How can appropriations be used?
- By Carl Peckinpaugh
- Mar 03, 1996
The following question was asked by a government program manager: I recently started a new assignment that requires me to meet with many corporate and international government representatives, both domestically and overseas. Most of the people I meet expect us to exchange business cards as a normal professional courtesy. However, my office says that it cannot provide employees with business cards because they are considered to be a personal expense. Is this accurate? If so, what is the reason?
Under what is known as the "necessary-expense doctrine," a federal agency may use appropriated funds for any expenses that are reasonably related to the accomplishment of the purposes stated in the appropriation. In general, agencies enjoy considerable discretion in deciding which costs are necessary.
Outside the Scope
However, in a number of formal opinions, the General Accounting Office has limited the scope of agency discretion. Unfortunately for government employees and those who do business with them, the cost of business cards is one type of expense that GAO has ruled to be outside the scope of most normal appropriations.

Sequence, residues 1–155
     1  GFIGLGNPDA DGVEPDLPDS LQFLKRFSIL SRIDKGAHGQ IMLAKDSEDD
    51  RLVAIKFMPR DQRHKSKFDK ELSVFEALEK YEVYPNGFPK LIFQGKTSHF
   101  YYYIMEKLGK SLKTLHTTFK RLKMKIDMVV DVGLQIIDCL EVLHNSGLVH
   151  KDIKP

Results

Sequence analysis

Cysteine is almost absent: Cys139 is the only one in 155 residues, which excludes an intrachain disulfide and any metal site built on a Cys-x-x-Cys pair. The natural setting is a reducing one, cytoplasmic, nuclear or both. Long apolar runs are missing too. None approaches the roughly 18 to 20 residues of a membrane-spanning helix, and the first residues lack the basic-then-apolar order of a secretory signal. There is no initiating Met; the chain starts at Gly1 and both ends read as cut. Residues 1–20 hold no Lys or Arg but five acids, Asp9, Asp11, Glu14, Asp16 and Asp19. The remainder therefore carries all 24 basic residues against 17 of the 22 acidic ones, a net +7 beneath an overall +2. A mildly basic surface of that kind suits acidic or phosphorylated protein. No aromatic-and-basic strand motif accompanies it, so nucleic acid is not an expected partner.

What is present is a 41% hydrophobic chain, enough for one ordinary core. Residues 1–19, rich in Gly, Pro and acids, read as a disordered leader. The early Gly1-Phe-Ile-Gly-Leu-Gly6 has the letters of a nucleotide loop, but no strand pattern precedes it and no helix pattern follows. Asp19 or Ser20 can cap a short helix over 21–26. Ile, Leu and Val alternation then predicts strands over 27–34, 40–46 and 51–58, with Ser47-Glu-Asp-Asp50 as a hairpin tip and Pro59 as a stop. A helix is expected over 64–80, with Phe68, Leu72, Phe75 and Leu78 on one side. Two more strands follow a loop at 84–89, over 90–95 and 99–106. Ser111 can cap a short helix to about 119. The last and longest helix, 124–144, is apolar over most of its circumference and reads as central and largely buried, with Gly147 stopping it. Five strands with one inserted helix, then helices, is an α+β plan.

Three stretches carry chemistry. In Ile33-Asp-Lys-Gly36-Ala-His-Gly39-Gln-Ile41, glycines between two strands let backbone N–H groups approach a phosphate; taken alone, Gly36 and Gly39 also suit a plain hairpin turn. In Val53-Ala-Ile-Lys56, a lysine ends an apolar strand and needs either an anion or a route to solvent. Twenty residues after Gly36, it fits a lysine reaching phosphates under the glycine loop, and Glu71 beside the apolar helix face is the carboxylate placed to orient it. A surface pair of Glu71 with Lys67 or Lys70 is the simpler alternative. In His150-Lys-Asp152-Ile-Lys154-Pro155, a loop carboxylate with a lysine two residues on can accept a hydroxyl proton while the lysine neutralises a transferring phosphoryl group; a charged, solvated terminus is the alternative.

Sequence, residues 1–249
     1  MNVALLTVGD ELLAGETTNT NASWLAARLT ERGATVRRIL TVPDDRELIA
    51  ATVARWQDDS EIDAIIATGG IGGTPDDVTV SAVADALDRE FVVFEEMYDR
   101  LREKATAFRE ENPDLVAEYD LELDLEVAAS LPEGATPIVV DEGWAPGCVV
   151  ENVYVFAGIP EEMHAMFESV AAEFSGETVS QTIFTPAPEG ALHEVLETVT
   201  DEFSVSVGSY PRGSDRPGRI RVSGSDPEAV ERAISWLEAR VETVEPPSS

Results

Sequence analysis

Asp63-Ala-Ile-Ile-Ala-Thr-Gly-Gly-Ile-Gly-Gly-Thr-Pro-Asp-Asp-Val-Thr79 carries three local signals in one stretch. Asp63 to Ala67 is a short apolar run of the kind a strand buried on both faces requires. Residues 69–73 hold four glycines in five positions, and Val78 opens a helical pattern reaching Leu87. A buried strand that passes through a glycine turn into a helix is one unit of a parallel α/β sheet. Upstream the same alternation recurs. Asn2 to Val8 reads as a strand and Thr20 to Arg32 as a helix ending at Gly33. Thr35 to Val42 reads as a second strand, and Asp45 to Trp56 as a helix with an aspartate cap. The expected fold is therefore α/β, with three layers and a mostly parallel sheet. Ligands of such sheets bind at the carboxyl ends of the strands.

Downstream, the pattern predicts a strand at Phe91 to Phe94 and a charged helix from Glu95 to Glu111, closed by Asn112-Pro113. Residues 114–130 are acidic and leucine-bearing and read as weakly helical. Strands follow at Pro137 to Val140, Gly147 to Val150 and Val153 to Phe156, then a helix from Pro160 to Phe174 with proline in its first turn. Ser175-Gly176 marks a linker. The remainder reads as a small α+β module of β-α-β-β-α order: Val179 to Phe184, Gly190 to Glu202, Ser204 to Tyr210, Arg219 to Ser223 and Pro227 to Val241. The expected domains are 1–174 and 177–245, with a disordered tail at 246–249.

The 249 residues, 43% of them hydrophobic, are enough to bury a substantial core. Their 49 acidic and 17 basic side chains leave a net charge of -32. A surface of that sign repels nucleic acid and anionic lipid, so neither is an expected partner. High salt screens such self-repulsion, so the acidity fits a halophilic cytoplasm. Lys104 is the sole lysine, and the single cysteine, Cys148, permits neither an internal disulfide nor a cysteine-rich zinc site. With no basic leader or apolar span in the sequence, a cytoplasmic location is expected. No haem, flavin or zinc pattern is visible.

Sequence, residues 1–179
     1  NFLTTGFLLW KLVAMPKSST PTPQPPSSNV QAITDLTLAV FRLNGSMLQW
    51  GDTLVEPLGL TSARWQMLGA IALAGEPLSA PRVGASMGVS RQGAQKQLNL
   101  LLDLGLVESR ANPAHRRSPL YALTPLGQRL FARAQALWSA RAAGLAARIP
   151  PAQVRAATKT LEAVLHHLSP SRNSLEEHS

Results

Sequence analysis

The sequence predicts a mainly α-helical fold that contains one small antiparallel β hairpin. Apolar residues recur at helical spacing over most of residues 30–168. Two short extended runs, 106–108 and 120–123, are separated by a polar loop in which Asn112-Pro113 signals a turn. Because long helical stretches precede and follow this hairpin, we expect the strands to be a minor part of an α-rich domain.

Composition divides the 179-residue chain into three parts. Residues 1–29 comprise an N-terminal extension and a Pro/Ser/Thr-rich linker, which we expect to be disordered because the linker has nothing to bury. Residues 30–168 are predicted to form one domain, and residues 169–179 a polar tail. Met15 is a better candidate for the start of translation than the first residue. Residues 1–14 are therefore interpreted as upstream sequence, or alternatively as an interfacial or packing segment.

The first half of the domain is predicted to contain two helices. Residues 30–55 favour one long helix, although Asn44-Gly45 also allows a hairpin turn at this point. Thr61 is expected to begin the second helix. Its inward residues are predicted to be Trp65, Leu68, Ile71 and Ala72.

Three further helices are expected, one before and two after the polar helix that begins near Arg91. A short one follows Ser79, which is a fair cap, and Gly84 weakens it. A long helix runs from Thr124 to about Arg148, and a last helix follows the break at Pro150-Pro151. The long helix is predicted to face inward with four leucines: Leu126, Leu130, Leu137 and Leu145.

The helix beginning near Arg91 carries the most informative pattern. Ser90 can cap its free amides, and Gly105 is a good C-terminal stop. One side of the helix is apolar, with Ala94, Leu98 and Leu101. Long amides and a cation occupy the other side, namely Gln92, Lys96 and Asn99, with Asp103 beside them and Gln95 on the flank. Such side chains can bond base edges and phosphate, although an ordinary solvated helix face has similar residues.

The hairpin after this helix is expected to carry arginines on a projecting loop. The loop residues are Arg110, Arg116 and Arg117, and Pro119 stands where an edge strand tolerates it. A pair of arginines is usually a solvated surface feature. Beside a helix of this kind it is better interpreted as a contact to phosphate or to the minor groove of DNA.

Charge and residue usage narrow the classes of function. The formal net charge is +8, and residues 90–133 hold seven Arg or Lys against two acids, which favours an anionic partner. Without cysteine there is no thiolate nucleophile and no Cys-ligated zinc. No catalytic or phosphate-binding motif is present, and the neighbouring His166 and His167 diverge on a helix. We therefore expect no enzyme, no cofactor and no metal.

It is a primary tenet of fiscal law that a federal agency may obligate funds only as provided by congressional appropriation.
This fundamental rule is embodied in no less an authority than the Constitution. Congress has therefore established a detailed set of statutory rules governing the ways in which agencies may spend appropriated funds.
Within the limitations stated in a particular appropriation, an agency has considerable discretion in deciding how to accomplish the stated purposes and may incur any expenses found reasonably necessary.
As a corollary to the necessary-expense doctrine, an agency may not use appropriated funds for expenditures that are personal in nature, unless specifically authorized.
Few would disagree with this proposition. However, the application of this general rule is not always intuitive. The issue of business cards is a particularly stark example of how the rule can be applied to prohibit expenditures that most people would call reasonable business expenses.
As early as 1913, the comptroller of the Treasury ruled that business cards were more of a personal convenience than a business necessity.
Accordingly, such cards could not be purchased with appropriated funds. Although the ways in which business is conducted may have changed since 1913, GAO's views have not. With the current emphasis on modeling all sorts of government activities more on commercial enterprises, hopefully GAO will be more willing to rethink this issue.
Peckinpaugh is a member of the government contracts section of the law firm of Winston & Strawn, Washington, D.C. Readers are encouraged to submit topics by e-mail to email@example.com or by voice-mail to (703) 876-5151, extension 2965. His column can be read on FCW's home page at http://www.fcw.com.